“‘Skins’ is the American adaptation of a UK hit about the sex, drugs, and rock n’ roll lifestyle of a group of teenagers. The PTC (Parents Television Council), a TV watchdog group, thinks the program might actually be child pornography, as many of the actors playing wayward teens are under 18 themselves. The group has persuaded a number of advertisers to pull out of the show, and called for a federal investigation,” according to today’s article by Dr. Harold Koplewicz in the Huffington Post.
Dr. Koplewicz talks about “the apparent lack of consequences,” on the show which portrays extreme behavior involving drinking, sex, and pill-popping. Teens drive under the influence, get involved in drug deals, and generally skirt death, and I can understand why the PTC would declare “Skins” as perhaps, “the most dangerous television show for children that we have ever seen.”
Though I haven’t watched an episode of “Skins,” I agree with Dr. Koplewicz when he mentions, “a world where parents and adults are mostly ineffectual, not to be trusted, or simply absent. This isn’t a good message to send — but it’s sadly accurate for many kids whose parents, well-intentioned though they may be, are out of touch with their teenagers.”
When our son started dating, my husband and I struggled with the complete lack of parental involvement and supervision from the girlfriend’s side. Many of the parents were divorced and looking to date themselves, forgetting to act as parents. Peer pressures and problem teenagers was another reason we chose to uproot our kids and get out of Orange County, California, and start over in Belize in Central America.
The third episode shows the toll that having no available parents takes on one of the characters. “His mother has checked out, leaving only a thousand dollars in cash; his father has a new life and wants nothing to do with him. Hurt and abandoned, he tries to party those feelings away.”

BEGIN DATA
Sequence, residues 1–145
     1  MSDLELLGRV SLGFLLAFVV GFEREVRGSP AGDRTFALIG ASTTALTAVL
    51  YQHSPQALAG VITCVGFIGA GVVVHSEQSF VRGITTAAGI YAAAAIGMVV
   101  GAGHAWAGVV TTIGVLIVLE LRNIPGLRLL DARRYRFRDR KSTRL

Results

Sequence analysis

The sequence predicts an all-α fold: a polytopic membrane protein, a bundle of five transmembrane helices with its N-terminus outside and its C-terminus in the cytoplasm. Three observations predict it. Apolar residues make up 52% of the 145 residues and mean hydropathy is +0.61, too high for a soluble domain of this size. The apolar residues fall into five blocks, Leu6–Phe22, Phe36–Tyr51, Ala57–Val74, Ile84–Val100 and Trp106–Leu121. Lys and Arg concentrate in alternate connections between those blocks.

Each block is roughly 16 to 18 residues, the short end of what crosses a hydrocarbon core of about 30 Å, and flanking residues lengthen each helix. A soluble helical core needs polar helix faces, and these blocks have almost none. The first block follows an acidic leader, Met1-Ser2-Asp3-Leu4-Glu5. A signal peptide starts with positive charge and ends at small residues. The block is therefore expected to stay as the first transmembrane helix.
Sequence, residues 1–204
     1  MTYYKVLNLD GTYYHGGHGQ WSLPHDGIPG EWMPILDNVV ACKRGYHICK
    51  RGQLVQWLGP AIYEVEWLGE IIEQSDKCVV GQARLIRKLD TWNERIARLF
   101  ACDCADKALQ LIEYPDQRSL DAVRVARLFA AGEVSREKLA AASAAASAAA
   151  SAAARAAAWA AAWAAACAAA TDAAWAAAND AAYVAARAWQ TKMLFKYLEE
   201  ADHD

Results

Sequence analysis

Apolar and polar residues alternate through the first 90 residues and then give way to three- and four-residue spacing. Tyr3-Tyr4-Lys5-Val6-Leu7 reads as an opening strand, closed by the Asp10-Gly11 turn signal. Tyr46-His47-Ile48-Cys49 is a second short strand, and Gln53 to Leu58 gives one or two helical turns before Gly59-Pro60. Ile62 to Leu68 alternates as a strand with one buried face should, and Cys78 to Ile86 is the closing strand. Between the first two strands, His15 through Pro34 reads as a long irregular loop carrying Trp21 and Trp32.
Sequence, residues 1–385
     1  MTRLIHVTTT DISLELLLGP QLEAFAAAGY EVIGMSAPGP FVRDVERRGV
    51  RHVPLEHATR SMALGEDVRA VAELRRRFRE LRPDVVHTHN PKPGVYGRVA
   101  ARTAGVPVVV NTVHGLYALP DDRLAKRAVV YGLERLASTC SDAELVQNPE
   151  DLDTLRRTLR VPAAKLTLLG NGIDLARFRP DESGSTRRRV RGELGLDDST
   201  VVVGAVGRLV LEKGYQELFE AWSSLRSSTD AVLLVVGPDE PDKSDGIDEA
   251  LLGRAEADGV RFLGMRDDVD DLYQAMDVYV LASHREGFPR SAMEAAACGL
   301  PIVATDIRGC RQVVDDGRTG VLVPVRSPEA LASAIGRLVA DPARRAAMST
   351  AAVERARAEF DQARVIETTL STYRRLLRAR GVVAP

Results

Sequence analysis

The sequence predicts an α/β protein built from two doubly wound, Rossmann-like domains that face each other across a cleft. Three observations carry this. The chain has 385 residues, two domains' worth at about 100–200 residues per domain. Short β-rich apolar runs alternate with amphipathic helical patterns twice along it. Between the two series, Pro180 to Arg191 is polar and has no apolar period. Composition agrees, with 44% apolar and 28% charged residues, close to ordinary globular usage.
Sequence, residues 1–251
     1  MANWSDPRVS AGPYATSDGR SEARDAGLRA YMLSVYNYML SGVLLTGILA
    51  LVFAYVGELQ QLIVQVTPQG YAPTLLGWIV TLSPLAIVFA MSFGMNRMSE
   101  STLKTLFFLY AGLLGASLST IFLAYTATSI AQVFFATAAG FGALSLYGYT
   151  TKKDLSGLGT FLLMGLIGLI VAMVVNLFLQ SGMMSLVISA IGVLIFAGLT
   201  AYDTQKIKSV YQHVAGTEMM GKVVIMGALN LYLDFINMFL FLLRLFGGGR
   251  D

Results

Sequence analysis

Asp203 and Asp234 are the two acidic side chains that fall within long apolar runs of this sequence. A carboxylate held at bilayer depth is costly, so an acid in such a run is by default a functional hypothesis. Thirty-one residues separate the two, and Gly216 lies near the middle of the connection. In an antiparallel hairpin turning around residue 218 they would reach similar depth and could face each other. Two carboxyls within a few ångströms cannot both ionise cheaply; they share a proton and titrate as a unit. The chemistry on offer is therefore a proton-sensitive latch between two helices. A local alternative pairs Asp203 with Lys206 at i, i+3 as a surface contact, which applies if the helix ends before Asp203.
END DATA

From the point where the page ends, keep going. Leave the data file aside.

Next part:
So what does “Skins” offer teenagers? Perhaps a way for those who are struggling to, “see their very real emotions taken seriously,”
What are your thoughts? “Skins”? Comments?
Jill Kemerer says
I'm coming at this from a very biased angle. I'm Christian and raising my kids to respect themselves and choose NOT to get involved with self-damaging behaviours. I think Skins is a disgrace. No, I haven't watched it, but I have seen commercials for it and that was enough to make me wonder just what the producers were thinking??
Our teens have enough negative role models, and there are plenty of teens for whom the party-hard lifestyle does not apply. MTV should be ashamed.
All I can say is I am thrilled to death my kids are grown. I think whoever is producing this garbage needs to be arrested. I'm sure it's not teenagers behind the cameras, so where is the conscience? It's actually frightening.
Not seen Skins…
But it's 'in' to party those feelings away.
That's why in England, U.S….almost everywhere kids are the same – they party their feelings away.
Who are the adults who make this kind of programs?
Miss Sadie says
Well, this is "interesting."
Totally outside my life experience. But then I've never been a fan of the "sex, drugs, and rock & roll" lifestyle.
But when partying is the goal of one's life, I feel very, very sad. It all strikes me a being very de-personalized, even de-humanized.
I haven't seen this program so can't really comment.
On the one hand, I agree that it is sending out wrong messages. On the other, I wonder if it is of some comfort to those in that situation to know that somewhere someone (if only a TV show) knows how they feel.
Does the show glorify drugs and sex, or is it just pointing out how empty these can be?